With all the buzz going on about ALM Assessment and why it is required, this post aims to demystify ALM. I will try to lay this as simple as possible.
1. What is ALM?
ALM stands for Application Lifecycle Management. It is management & co-ordination of all software development lifecycle activities like requirements gathering, requirements modeling, code development, build process, testing activities and implementation events.
2. What areas does ALM cover?
- Program & Project Management & Planning
- Software Architecture & Design
- Requirements Gathering & End-user experience
- Software Development
- Testing & QA
- Deployment, Operations Management, Compliance & Governance
- SCM (Software Configuration Management)
3. Is ALM Assessment required for my company?
Does your team have the “just develop it” attitude towards software development?
Does your development team encounter application development pain points (lack of proper requirements gathering, software delays, missing code quality, lack of co-ordination between disparate teams, business objectives not met) ?
Answering these 2 questions will you give you some insight into areas of improvement and need for ALM assessment.
4. What are the benefits of ALM Assessment?
- Identify failure points
- Identify areas of process improvement
- Understand how to address traceability & visibility of lifecycle activities.
5. Truly, will I get something useful after an ALM Assessment?
I would have to answer that with my experience so far. I do see a big value in doing an ALM assessment. Do with the right company. Tap into your local Microsoft regional center and find out the qualified Microsoft partner who can get it done right. Microsoft has an elaborate ALM Assessment program, but that is not the end of the story. You need a subject matter expert to come and meet with your team and go over your team lifecycle activities. He/She will suggest the next steps and how to effectively introduce ALM to your team. Be open with the ALM expert and lay out all the pain points your team is experiencing. Remember, they are there to help you streamline your process. The more useful information you can give, the better for the expert to suggest practical steps to take.
6. What are the tools required by my team to start using Microsoft ALM processes?
1. VSTS (Visual Studio Team System)
2. TFS (Team Foundation Server)
7. Is there a particular version number for your tools?
If you are starting out new, go with VSTS 2008 and TFS 2008. If you have an existing 2005 code base and don’t have plans to upgrade any time soon, you can use the 2005 version.
8. We have Visual Basic code base, can we still use ALM tools?
Yes. Microsoft does provide a MSSCCI Provider for TFS 2008/2005. You can configure MSSCCI provider and be able to integrate VB 6.0 with TFS server.
9. I am done with ALM assessment, what is our next step?
Once the ALM assessment is done and you have given the practical steps to take, the next thing is figuring out the tools purchase. Do you have the VSTS (or) TFS? You can use TFS with any VS 2008 Professional edition with Team explorer, but I would strongly suggest using the VSTS edition. Why take the ALM initiative without the proper tools in place?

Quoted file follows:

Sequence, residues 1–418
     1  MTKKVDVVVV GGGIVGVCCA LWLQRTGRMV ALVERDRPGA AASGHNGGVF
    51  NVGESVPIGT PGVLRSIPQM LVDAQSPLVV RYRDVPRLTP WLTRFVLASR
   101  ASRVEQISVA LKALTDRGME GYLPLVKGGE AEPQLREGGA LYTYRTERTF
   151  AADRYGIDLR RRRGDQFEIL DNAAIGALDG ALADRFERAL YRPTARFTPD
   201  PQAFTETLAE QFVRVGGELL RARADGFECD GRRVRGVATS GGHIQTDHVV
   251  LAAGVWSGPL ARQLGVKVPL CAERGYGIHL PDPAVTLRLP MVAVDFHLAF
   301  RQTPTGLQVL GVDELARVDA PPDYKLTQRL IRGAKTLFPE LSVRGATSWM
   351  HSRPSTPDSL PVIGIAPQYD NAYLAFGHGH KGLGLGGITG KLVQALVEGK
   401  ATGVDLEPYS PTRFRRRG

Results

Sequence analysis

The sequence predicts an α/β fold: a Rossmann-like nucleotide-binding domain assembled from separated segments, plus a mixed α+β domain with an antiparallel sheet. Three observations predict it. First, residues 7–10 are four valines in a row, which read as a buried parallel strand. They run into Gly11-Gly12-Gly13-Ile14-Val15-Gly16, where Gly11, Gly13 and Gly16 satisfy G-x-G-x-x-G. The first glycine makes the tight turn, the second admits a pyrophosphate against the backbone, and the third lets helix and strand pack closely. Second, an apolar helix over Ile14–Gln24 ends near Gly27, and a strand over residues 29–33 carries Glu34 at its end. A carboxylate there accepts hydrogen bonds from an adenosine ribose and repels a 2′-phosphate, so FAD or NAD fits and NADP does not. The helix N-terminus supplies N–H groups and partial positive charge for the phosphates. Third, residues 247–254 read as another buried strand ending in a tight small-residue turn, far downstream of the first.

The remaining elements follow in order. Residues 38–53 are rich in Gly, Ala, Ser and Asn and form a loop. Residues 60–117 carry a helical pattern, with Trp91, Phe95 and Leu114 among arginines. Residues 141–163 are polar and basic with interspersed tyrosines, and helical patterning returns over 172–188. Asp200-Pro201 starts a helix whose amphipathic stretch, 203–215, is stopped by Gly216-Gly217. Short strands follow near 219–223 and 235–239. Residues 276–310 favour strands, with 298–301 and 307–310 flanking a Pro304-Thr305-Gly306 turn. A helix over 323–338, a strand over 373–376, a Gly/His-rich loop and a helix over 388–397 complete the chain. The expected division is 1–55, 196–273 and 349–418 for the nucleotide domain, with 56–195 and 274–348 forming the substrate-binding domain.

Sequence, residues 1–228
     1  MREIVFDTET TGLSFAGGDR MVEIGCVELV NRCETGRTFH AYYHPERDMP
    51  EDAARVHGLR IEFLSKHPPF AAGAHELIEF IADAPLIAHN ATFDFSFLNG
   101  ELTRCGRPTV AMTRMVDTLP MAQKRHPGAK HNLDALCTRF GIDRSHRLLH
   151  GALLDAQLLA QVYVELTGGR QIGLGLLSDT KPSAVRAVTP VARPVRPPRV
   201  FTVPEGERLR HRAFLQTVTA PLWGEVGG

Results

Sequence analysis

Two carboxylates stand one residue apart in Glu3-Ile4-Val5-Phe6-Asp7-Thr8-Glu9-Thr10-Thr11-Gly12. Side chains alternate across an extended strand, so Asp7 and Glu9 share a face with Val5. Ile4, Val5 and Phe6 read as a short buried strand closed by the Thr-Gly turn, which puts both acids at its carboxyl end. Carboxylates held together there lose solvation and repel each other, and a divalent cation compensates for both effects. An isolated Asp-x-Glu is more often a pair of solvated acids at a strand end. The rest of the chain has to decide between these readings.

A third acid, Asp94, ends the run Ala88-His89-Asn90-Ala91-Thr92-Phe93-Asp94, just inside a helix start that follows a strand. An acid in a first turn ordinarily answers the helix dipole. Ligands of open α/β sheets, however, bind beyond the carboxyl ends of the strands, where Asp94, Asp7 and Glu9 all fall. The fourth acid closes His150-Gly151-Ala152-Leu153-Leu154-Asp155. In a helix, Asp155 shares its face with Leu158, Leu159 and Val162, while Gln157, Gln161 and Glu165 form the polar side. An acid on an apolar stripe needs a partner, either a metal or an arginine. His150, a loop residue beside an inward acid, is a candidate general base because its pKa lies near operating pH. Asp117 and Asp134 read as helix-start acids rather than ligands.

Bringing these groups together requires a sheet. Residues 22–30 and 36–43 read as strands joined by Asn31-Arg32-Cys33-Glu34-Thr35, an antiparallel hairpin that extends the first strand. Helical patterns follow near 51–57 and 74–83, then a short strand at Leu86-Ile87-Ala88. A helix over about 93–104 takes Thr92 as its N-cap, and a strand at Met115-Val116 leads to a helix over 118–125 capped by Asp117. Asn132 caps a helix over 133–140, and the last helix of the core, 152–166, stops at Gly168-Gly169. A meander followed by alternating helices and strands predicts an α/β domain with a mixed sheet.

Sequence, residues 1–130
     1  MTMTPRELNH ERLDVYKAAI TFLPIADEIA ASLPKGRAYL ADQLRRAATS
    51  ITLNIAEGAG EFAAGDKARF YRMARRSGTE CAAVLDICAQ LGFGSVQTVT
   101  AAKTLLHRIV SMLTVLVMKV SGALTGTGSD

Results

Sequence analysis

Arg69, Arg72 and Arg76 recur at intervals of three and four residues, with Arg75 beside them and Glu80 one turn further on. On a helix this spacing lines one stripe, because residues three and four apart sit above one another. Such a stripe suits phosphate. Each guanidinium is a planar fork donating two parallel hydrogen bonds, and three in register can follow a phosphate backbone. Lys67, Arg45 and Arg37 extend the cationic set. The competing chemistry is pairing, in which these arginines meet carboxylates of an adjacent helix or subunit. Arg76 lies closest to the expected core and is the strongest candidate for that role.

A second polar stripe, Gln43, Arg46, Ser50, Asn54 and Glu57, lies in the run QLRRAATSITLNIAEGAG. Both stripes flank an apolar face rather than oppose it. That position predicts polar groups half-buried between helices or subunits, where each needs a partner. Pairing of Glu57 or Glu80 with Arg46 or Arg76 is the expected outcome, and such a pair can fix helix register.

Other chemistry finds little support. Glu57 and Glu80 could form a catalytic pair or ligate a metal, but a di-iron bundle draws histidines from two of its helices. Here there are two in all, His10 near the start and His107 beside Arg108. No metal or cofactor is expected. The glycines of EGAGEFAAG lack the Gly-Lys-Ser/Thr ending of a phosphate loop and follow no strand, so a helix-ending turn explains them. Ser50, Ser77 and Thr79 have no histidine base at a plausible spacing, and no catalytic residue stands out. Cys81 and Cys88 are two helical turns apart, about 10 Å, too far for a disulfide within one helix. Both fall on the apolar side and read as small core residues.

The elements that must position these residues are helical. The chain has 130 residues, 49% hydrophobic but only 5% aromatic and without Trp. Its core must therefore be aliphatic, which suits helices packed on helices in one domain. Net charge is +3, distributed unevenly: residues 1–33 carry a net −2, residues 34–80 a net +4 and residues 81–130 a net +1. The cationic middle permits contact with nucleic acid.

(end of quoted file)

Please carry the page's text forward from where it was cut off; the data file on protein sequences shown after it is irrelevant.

10. Can ALM implementation deliver benefits for my team?
Yes. If you have implemented it right, you can see improvements in
- Code Quality (just as an example — traceability will be high and everyone in your team will strive to code better as they don’t want to be singled out during a build failure process)
- High accountability (Check in Policies – I don’t want to outline all features of TFS here, but you can enforce some strict check-in policies that can ensure checked in code quality is good and the developer is accountable to make that happen)
- Project management improvements (tie this into Project server and you will reap more benefits)
- Compliance will become big. Yes with that the governance initiatives will start making progress.
11. What are the different ALM Roles?
Note: These roles can be shared between individuals. But, you need to keep a tab on not letting it overwhelm your team members.
- Software Architect
- Software Developer
- Creative Designer
- DBA & Operations Management
- QA Tester
- Project Manager & Business Analyst
Of course, every project will have a stake holder. That role will always be handled by a separate member of the company.
12. Any final field notes?
There are plenty. But I will confine it to basic steps
“Do not push all the ALM features of TFS 2008 to your team. That will surely overwhelm them and they will be spending time to cope up with the tool rather than concentrating on their current projects. I can’t emphasize this enough “take baby steps in ALM implementation”. That is the only way you will garner support from your team members. Your team members will become more accountable and you need to handle reactions that you get. Introduce features one at a time (For example: Basic check in policy, code quality metrics and code traceability) and let them get comfortable with using each feature before jumping to the next one.”